Paludiculture

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Paludiculture is wet agriculture and forestry on peatlands[1]. Paludiculture combines the reduction of greenhouse gas emissions from drained peatlands through rewetting with continued land use and biomass production under wet conditions [2].

Impact of peatland drainage and rewetting[edit]

Peatlands store an enormous amount of carbon. Covering only 3 % of the land surface they store more than 450 GT of carbon which is more than the amount of carbon stored by forests (covering 30% of the land surface) [3], [4]. Drained peatlands cause numerous negative environmental impacts such as greenhouse gas and nutrient emissions, subsidence and loss of biodiversity, although only 0.3 % of all peatlands are drained, peatland drainage is responsible for 6 % of all human greenhouse gas emission [5]. Peatland rewetting significantly reduces environmental impacts caused by drainage.

Arguments for the preservation of peatlands, and cultivation of crops thereon[edit]

  • Due to the drainage of soils in many areas (for agricultural purposes), the soil height has dropped significantly over the years, and water quality has lowered as well. By making these areas wetter again, these problems are corrected to a large extent, as such, they can avoid the need of installations against rising sea levels (levees, pumps)[6]
  • By making soils waterlogged, carbon is unable to bind to oxygen, and hence will not escape into the atmosphere as carbon dioxide (CO2)[7][8]
  • The preservation of the remaining peatlands is important for biodiversity.
  • The growing of crops extracts phosphate from the land, which is important in wetlands; it also helps to extract other nutrients from water, making it suitable for post-water treatment purposes[9]

Examples of potential crops for cultivation on wet and rewetted peatlands[edit]

The Database of Potential Paludiculture plants (DPPP) lists more than 1,000 wetland plants [10], but only a minor fraction is suitable for paludiculture. Examples for potential and tested paludicultures are provided in the table below.

Tab. Examples for potential and tested paludicultures (modified after [11], [12]).

Species Region & sites Utilization
Alder (Alnus glutinosa) Central Europe, fen, oligo-eutrotrophic Timber, fuel
Cattails (Typha sp.) Central Europe, North America, West Africa, fen, polytrophic Construction material (e.g. insulation), solid fuel, fermentation, fibers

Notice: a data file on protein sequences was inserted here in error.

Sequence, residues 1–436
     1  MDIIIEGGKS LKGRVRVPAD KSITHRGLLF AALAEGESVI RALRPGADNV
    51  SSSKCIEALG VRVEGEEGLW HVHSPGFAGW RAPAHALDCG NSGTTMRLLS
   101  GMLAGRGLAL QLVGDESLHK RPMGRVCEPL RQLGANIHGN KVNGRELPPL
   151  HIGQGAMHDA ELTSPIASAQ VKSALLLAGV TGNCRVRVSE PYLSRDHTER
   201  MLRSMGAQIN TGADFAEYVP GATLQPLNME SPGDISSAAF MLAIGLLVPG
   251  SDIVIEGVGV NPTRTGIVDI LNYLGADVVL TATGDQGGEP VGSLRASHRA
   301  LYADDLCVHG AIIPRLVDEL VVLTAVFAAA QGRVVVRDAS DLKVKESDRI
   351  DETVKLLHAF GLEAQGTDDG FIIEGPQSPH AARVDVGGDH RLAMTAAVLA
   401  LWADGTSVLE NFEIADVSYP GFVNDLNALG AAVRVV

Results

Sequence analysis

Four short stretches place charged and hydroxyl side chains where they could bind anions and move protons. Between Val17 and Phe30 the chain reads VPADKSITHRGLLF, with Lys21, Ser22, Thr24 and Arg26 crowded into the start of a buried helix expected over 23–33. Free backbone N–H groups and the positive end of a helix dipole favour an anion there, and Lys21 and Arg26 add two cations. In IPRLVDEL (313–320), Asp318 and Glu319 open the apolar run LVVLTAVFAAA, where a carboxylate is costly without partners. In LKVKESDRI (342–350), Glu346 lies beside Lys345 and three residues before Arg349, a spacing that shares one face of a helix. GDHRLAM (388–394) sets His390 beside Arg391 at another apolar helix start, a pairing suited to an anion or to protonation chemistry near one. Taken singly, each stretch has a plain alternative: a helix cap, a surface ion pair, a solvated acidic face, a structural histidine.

Common reed (Phragmites australis) Europe, China, fen, polytrophic Construction material (e.g. thatching), paper, solid fuel, fermentation
Illipe Nut (Shorea stenoptera) Tropics Cocoa butter substitute
Jelutung (Dyera sp.) Tropics Latex
Sago (Metroxylon sagu) Tropics Starch
Sphagnum sp. Worldwide, bog, oligotrophic Growing media, revitalization
Water buffaloes Europe, Asia Cheese (mozarella), meat, conservation grazing

References[edit]

  1. ^ Paludiculture term
  2. ^ Wichtmann, W., Schröder, C. & Joosten, H. (eds.) (2016): Paludiculture - productive use of wet peatlands - Climate protection - biodiversity - regional economic benefits. 272 p. ISBN 978-3-510-65283-9
  3. ^ Bridgham, S. D., Megonigal, J. P., Keller, J. K. et al.: The Carbon Balance of North American Wetlands. Wetlands 26, 4/2006, S. 889–916
  4. ^ Dixon, R. K., Solomon, A. M., Brown, S. et al.: Carbon Pools and Flux of Global Forest Ecosystems. Science Vol. 263, 1994, 185-190
  5. ^ FAO and Wetlands International, Hans Joosten, Marja-Liisa Tapio-Biström & Susanna Tol Hrsg.: Peatlands - guidance for climate change mitigation by conservation, rehabilitation and sustainable use. 2. Auflage, Rom 2012. ISBN 978-92-5-107302-5 FAO-Broschüre "Peatlands" (PDF; 5,4 MB)
  6. ^ Omhoog met het veen
  7. ^ EOS magazine, January 2017, De voordelen van natte akkers
  8. ^ According to Leon Lamers, one hectare of drained marshland emits 20 to 25 tons of CO2 per year
  9. ^ This purpose was demonstrated in the Aquafarm project by Wageningen University
  10. ^ Abel, S., Couwenberg, J., Dahms, T. & Joosten, H. (2013): The Database of Potential Paludiculture Plants (DPPP) and results for Western Pomerania. – Plant Div. Evol. 130: 219–228
  11. ^ Abel, S., Couwenberg, J., Dahms, T. & Joosten, H. (2013): The Database of Potential Paludiculture Plants (DPPP) and results for Western Pomerania. – Plant Div. Evol. 130: 219–228
  12. ^ FAO and Wetlands International, Hans Joosten, Marja-Liisa Tapio-Biström & Susanna Tol Hrsg.: Peatlands - guidance for climate change mitigation by conservation, rehabilitation and sustainable use. 2. Auflage, Rom 2012. ISBN 978-92-5-107302-5 FAO-Broschüre "Peatlands" (PDF; 5,4 MB)